Science & Technology Book Reviews (page 9)

STREET SMART by Samuel I. Schwartz
CURRENT AFFAIRS
Released: Sept. 8, 2015

"A readable and provocative book making the convincing claim that the best city is one in which people can move around easily."
How to fix our transportation nightmare? Former New York City traffic commissioner Schwarz ventures some ideas—and while many are oddly counterintuitive, they just might work. Read full book review >
CURRENT AFFAIRS
Released: Sept. 8, 2015

"Russia hands and Net neutrality advocates alike will find plenty to intrigue in this report from the front lines."
Russian civil-liberties watchdogs Soldatov and Borogan (The New Nobility: The Restoration of Russia's Security State and the Enduring Legacy of the KGB, 2010) look at the possibilities of technology for good and ill under the regime of Vladimir Putin.Read full book review >

Fight Like A Physicist by Jason, PhD Thalken
SCIENCE & TECHNOLOGY
Released: Sept. 7, 2015

"An enlightening book for martial artists seeking a competitive edge."
Thalken explores how physics can be applied to martial arts. Read full book review >
Sales Intelligence by Timo T. Aijo
BUSINESS & ECONOMICS
Released: Sept. 7, 2015

"Jam-packed with interesting ideas and appealing stories, Aijo's book is a highly useful reference for new salespeople and sales managers."
Sales veteran Aijo explains how intelligence—"both in information and smarts"—is a crucial tool for salespeople at all levels. Read full book review >
AFTER NATURE by Jedediah Purdy
CURRENT AFFAIRS
Released: Sept. 1, 2015

"A profound vision of post-humanistic ethics."
Purdy (Law/Duke Univ.; A Tolerable Anarchy: Rebels, Reactionaries, and the Making of American Freedom, 2009, etc.) examines the growing awareness of the relationship between humans and other species, which could create "a Copernican revolution in ethical imagination." Read full book review >

A Convergence of Two Minds by Randolph R. Croxton
PSYCHOLOGY
Released: Aug. 30, 2015

"A thought-provoking explanation for the origins of personality."
In this nonfiction work, Croxton argues that modern human minds succeed through the interaction of the distinctly male and female hemispheres of the brain. Read full book review >
THE SUPERHUMAN MIND by Berit Brogaard
PSYCHOLOGY
Released: Aug. 25, 2015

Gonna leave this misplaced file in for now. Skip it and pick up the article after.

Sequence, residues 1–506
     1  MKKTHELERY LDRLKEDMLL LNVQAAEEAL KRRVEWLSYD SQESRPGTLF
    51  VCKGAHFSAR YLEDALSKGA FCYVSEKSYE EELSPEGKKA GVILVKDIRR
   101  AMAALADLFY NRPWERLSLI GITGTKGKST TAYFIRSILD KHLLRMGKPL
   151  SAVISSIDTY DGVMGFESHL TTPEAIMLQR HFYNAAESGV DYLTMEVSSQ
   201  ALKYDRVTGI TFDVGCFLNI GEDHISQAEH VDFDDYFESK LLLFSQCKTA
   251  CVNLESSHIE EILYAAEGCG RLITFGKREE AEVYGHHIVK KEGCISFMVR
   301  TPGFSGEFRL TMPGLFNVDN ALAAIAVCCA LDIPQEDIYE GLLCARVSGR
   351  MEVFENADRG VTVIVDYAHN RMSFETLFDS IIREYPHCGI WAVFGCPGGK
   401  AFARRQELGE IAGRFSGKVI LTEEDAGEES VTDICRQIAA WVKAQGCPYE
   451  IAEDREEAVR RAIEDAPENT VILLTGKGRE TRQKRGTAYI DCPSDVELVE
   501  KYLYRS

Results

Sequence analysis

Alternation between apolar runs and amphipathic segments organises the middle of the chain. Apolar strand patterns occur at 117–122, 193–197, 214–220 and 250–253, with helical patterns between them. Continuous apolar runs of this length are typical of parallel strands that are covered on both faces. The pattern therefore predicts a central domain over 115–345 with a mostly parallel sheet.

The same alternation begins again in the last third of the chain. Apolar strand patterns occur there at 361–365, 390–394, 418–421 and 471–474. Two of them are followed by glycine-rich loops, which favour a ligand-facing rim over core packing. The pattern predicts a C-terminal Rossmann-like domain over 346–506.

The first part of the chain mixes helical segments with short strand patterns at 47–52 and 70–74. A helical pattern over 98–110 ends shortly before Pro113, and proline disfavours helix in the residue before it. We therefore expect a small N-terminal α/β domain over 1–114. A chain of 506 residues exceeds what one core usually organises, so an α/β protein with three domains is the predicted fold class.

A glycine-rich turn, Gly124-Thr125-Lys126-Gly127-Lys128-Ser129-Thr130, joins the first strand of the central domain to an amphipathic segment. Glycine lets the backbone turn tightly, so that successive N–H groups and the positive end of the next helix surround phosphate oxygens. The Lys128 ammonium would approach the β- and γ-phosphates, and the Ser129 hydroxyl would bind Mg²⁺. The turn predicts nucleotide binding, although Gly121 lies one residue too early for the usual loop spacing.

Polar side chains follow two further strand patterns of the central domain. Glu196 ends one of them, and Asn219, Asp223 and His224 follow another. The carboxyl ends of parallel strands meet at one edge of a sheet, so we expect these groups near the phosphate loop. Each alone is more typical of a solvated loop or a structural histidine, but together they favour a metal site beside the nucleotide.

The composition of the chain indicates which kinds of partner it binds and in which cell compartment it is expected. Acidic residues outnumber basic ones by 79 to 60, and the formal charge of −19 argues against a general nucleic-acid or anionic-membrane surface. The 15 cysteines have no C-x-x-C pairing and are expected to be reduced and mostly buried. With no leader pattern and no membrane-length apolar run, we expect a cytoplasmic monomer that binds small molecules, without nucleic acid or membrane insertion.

"Fruitful reading for devout self-improvers, though Maria Konnikova's Mastermind (2013), which covers some of the same ground, is more appealing and better written."
Another in a long line of you-can-be-Einstein treatises, blending hard neuroscience with parlor tricks. Read full book review >
IN THE MIND FIELDS by Casey Schwartz
PSYCHOLOGY
Released: Aug. 25, 2015

"Schwartz does not provide all the answers, but her highly readable report raises intriguing questions about the limitations and the futures of both psychoanalysis and neuroscience."
Can psychoanalysis and neuroscience, each with its own distinct methods, one subjective, one objective, make peace with one another? Can the mind be understood by looking closely into the brain? Read full book review >
NEUROTRIBES by Steve Silberman
HEALTH & MEDICINE
Released: Aug. 25, 2015

"In the foreword, Oliver Sacks writes that this 'sweeping and penetrating history…is fascinating reading' that 'will change how you think of autism.' No argument with that assessment."
A well-researched, readable report on the treatment of autism that explores its history and proposes significant changes for its future. Read full book review >
NATURE & TRAVEL
Released: Aug. 25, 2015

"A guide to museums where the original fossils or high-quality reproductions are housed and more than 150 illustrations accompany Prothero's lively account of the science and politics that shaped the rich history of these discoveries."
How the discoveries of 25 fossils provide links in the chain of evolution that confirm Charles Darwin's primary thesis. Read full book review >
LIGHTING THE WORLD by Jim Rogers
BUSINESS & ECONOMICS
Released: Aug. 25, 2015

"A passionate, but not ideological, argument that offers a practical approach to solving real problems."
The former chairman, president, and CEO of Duke Energy, the largest electric power company in the United States, argues that access to clean, sustainable electricity should be a basic human right. Read full book review >
MACHINES OF LOVING GRACE by John Markoff
SCIENCE & TECHNOLOGY
Released: Aug. 25, 2015

"Despite flaws, this should appeal as an earnest attempt to parse the future impact of these radical advances."
An examination of philosophies undergirding the impending future of driverless cars and mobile robots. Read full book review >
Kirkus Interview
Michael Eric Dyson
February 2, 2016

In Michael Eric Dyson’s rich and nuanced book new book, The Black Presidency: Barack Obama and the Politics of Race in America, Dyson writes with passion and understanding about Barack Obama’s “sad and disappointing” performance regarding race and black concerns in his two terms in office. While race has defined his tenure, Obama has been “reluctant to take charge” and speak out candidly about the nation’s racial woes, determined to remain “not a black leader but a leader who is black.” Dyson cogently examines Obama’s speeches and statements on race, from his first presidential campaign through recent events—e.g., the Ferguson riots and the eulogy for the Rev. Clementa Pinckney in Charleston—noting that the president is careful not to raise the ire of whites and often chastises blacks for their moral failings. At his best, he spoke with “special urgency for black Americans” during the Ferguson crisis and was “at his blackest,” breaking free of constraints, in his “Amazing Grace” Charleston eulogy. Dyson writes here as a realistic, sometimes-angry supporter of the president. View video >